Here is the thing about The Forbidden City, unlike the European castles that I have visited, which can pack more opulence in a square foot than the eye can take in, what is truly overwhelming is the way that open space and size has been used create the felling of power.
The Forbidden City sits in the heart of Beijing. Built between 1410 and 1420 it was the home to 24 emperors up until the 1912, when the Emperor Puyi resigned. The grounds cover 180 acres, (which is 10 times the size of the Palace of Versailles) and consists of 9,999 rooms. It was called The Forbidden City because the only people allowed into it inner reaches were the Emperor, his concubines and the eunuchs who guarded them.
Most people (and tour groups) start their visit by entering through the Tiananmen Gate, under the watchful gaze of Mao Zedong.
|Approaching the Tiananmen Gate|
|The Meridian Gate|
|Looking back to the Tienanmen Gate|
|Taking a break waiting for tickets|
Once you have your tickets you cross through the Meridian Gate and enter a courtyard bisected by The Golden Stream.
|Bridges across the Golden Stream|
|Your author with Gate of Supreme Harmony|
|The Golden Stream|
|The Gate of Blending Harmony|
|Away from the crowd, beyond the Gate of Blending Harmony|
|The Gate of Supreme Harmony|
|The Hall of Supreme Harmony|
|Top of the Hall of Supreme Harmony|
|The Halls of Central Harmony and Preserving Harmony|
|The Hall of Central Harmony|
|Looking out from The Forbidden City with modern Beijing in the background|
|These lion heads still serve as drainage when it rains|
My trip took place during a national holiday, and the Forbidden City was packed. It was impossible to get anywhere near the pavilions in this section of the Forbidden City, so I took a different path, walking around the edges of the pavilions.From it was interesting to see some of the engineering that went into building the this palace. The three pavilions sit up on a raised platform, probably 30 or feet high. The platform is tiered and its height represents the primacy of the emperor's position in society.
|The Large Stone Carving|
Beyond the Halls of Harmony is the Gate of Heavenly Purity which led to the living quarters of the emperor and his concubines. On either side of the gate are bronze lions.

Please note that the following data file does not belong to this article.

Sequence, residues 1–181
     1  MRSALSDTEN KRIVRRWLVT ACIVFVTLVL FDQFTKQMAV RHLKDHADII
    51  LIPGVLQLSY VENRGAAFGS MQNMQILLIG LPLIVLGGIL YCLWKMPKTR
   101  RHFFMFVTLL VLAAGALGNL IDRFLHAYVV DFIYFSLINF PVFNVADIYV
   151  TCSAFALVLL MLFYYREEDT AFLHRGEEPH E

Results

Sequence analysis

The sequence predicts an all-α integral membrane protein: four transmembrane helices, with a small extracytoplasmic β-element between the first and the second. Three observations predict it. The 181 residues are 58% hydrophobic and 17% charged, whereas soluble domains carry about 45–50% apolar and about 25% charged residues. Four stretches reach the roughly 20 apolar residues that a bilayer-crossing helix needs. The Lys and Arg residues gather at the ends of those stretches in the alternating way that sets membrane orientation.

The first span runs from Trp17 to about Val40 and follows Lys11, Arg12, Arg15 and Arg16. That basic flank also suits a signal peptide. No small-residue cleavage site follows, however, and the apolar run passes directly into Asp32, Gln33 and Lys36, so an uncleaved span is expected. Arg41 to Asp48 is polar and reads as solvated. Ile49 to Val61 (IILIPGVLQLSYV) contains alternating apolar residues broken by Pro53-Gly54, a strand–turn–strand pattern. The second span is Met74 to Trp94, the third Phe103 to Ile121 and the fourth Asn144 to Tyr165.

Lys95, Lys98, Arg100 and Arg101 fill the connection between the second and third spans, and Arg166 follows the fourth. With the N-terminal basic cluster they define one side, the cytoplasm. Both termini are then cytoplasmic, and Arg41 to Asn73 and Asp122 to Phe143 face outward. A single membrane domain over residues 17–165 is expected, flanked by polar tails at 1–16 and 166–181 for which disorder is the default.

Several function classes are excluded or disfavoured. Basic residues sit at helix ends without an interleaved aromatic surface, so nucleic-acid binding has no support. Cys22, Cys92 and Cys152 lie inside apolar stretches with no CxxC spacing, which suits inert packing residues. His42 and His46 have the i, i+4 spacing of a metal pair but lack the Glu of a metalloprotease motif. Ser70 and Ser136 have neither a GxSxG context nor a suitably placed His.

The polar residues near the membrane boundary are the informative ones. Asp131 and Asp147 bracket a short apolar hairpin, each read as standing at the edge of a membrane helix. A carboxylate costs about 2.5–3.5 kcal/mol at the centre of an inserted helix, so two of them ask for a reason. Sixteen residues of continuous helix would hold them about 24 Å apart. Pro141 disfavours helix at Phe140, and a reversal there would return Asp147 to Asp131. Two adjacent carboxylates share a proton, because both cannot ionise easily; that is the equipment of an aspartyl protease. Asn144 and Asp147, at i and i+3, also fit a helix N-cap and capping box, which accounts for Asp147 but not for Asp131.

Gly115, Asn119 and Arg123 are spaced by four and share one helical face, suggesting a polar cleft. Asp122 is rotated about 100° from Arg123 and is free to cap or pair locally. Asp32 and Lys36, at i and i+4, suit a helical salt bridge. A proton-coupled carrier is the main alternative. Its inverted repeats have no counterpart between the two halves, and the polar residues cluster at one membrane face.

|Gate of Heavenly Purity|
The palace is filled with artistic flourishes throughout. Carved stone, painted walls, and corners of roofs have carved dragons and lions.
If you exit the living quarters to either side you will find an area with small paths that used to be servants quarters. Today they house museum and little surprises of beauty.
Leaving the Forbidden City through its northern most gate - The Gate of Divine Prowess, you will probably have a bit of a walk to get back to your tour bus. The walk is along the moat that protects the Forbidden City.
|Turret at a corner of the Forbidden City|
|Gate of Divine Prowess|
Some final notes -
If you are on a tour, you will probably have only about 1.5 hours in the Forbidden City. This makes it really rushed. I could have used 2-3 more hours and I wish that I had free time to go back.
One thing that China has learned is how to market. The Forbidden City is filled with "Museum Stores." Each one sells different goods. So don't spend all of your money in the first, and don't buy heavy things until the end of your tour.
Your tour guide might tell you not to buy here. They might tell you that they are going to take you to a market where you can get things cheaper. This would be "The Pearl Market." I would be very careful there. The goods are mostly counterfeit and expectation is that you will bargain down the price. I felt that I received very good quality at the Forbidden City and I am very happy with those purchases.